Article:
Gene Regulation

Cell Differentiation

Cell differentiation, the process by which a cell is changed from a stem cell to a specialized cell, is controlled by relatively few regulatory proteins working in groups, called combinatorial control.

Although all cells in an organism contain the same DNA, they all have different structures and functions. Cell differentiation is the process by which a cell becomes specialized to perform a certain function.

In order to produce the correct type of cell, the cell must regulate gene expression. Eukaryotic cells regulate gene expression by organizing groups of transcription regulators to control expression of a single gene, a process called combinatorial control. The combinatorial control process typically employs both repressors that decrease gene transcription and activators that increase gene transcription. By employing repressors and activators simultaneously, it is ensured that exactly the right portions of the right genes are transcribed at exactly the right time. Often the regulatory DNA sequences, specific regions in DNA that control gene expression, lie very far apart on the DNA strand, with long stretches between them called spacers. The proteins that regulate transcription include, along with repressors and activators, chromatin-remodeling complexes (which make the gene more or less accessible to transcription proteins), histone-modifying complexes (which modify histones to make DNA more or less accessible for transcription), transcription factors (which recruit transcription proteins to the promoter and help initiate transcription), promoter regions (such as the TATA box, which is a DNA sequence that indicates where a genetic sequence should be read), and mediators (which tie multiple proteins of the other types together to ensure they function as a unit).

Combinatorial Control

Chromatin-remodeling complexes, histone-modifying enzymes, transcription factors, transcription regulators, and RNA polymerase are all held together by a mediator during combinatorial control. Regulatory DNA sequences are separated by spacer DNA, and the initiation to read a genetic sequence begins at the TATA box, found in the promoter region.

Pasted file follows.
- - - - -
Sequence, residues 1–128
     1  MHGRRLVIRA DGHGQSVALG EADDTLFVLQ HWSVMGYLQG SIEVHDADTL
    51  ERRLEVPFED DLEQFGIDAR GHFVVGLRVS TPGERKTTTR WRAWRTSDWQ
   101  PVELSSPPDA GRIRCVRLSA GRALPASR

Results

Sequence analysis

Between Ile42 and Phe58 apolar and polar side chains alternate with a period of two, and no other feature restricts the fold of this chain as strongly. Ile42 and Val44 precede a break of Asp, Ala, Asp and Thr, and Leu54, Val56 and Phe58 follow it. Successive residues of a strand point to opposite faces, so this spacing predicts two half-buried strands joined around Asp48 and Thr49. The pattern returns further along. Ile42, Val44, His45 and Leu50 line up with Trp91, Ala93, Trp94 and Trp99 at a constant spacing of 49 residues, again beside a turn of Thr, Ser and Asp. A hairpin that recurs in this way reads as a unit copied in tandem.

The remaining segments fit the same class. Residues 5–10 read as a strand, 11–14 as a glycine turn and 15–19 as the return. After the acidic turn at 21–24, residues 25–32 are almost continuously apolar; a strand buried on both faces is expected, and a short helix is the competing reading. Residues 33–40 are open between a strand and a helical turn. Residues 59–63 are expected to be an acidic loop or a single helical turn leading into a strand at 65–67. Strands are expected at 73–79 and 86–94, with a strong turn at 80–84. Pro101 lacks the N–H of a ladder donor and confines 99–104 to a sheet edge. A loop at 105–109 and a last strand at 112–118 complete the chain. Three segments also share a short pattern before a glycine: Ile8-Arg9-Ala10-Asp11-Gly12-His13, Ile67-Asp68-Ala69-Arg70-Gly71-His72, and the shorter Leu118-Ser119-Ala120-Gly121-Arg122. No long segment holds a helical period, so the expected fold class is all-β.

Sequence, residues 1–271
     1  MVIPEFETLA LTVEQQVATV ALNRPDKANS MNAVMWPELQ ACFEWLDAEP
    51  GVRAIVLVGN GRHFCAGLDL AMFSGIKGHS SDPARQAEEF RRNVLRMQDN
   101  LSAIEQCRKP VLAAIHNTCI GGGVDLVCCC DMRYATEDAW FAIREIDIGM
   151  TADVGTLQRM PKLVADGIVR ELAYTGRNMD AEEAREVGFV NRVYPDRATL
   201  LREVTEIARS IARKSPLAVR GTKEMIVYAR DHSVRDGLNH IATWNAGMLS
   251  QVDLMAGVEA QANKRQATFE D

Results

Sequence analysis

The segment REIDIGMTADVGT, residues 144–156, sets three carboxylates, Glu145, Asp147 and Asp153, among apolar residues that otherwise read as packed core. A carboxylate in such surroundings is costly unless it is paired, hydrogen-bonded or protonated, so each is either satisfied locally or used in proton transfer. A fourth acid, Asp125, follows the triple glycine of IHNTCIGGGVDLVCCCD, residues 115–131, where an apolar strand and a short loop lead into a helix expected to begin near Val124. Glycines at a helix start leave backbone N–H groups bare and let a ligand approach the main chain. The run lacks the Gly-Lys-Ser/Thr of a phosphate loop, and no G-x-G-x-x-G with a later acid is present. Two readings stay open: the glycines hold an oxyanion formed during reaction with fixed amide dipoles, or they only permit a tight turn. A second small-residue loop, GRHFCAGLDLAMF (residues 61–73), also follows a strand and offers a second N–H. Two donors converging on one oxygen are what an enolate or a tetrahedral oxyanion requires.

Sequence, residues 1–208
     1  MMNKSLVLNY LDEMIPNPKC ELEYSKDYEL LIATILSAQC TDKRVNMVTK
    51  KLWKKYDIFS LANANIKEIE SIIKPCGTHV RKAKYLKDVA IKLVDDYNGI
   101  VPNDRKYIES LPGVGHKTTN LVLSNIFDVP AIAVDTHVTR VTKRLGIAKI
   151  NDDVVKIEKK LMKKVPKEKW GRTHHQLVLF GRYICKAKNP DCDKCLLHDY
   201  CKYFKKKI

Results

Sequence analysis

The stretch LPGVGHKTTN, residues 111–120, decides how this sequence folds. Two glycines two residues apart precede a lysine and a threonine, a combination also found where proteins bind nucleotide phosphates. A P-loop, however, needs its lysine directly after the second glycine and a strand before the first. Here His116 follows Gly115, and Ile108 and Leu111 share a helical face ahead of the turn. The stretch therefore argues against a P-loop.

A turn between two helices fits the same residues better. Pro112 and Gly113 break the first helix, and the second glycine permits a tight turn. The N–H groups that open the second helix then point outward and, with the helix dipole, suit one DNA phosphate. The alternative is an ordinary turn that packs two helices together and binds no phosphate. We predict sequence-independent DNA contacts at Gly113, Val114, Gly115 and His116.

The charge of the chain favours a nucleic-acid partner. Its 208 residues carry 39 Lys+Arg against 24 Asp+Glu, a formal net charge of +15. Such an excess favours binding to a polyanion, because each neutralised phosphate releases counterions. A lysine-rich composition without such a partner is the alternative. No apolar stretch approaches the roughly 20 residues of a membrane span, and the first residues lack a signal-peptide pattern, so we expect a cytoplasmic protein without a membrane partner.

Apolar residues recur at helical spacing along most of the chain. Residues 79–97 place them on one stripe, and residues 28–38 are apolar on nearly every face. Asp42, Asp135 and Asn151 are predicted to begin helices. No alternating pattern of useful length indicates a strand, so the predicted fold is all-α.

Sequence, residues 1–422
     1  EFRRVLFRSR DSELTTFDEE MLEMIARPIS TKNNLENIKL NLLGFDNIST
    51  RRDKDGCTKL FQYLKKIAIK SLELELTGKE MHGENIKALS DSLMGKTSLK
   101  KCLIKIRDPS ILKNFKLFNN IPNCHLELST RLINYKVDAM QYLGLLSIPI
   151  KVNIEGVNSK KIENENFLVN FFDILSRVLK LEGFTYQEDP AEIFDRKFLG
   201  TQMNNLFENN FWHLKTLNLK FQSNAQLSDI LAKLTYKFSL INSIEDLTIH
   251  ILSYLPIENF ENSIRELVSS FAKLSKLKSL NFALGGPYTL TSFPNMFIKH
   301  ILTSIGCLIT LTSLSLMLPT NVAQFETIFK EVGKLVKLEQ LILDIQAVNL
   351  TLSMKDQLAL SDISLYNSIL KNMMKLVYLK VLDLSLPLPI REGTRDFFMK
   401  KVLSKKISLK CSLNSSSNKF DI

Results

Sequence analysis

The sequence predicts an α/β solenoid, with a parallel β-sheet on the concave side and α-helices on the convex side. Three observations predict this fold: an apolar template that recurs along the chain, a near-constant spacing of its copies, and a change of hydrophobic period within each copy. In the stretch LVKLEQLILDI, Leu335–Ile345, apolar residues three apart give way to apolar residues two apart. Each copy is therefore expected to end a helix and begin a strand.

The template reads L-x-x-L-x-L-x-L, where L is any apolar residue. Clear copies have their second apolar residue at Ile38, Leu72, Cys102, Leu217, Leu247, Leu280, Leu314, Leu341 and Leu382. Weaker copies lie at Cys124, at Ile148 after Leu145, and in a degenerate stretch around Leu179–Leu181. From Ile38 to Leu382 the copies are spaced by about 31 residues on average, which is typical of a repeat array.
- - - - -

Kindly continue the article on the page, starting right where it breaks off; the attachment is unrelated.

Although the complex of proteins and DNA involved in combinatorial control is very large, often the process of beginning transcription is set in motion by just one transcription factor. In this way, cells can rapidly respond to signals, allowing them to quickly produce the proteins required. During cell differentiation, a small number of transcription factors can activate multiple complexes of combinatorial controls, causing many genes to be transcribed in large numbers at once. Furthermore, a relatively small number of regulatory proteins can combine to regulate a large number of variations in proteins produced in a cell. This large variation in proteins is the reason cells are different from one another. This process is how stem cells differentiate to yield specialized cells: bone cells, muscle cells, nerve cells, and so on.

Cell Differentiation

A small number of regulatory proteins can be used in combination to differentiate a large variety of cell types. Each protein controls a set of combinatorial controls so that the cell produces specific proteins but not others.
Once differentiated, cells generally remain that way. However, cells have been induced to change their differentiation through the application of target cell transcription factors, which are proteins that help regulate and control gene transcription. In fact, cells have been induced to revert to pluripotent stem cells, cells that can divide into other types of stem cells, by altering the expression of genes within the cell.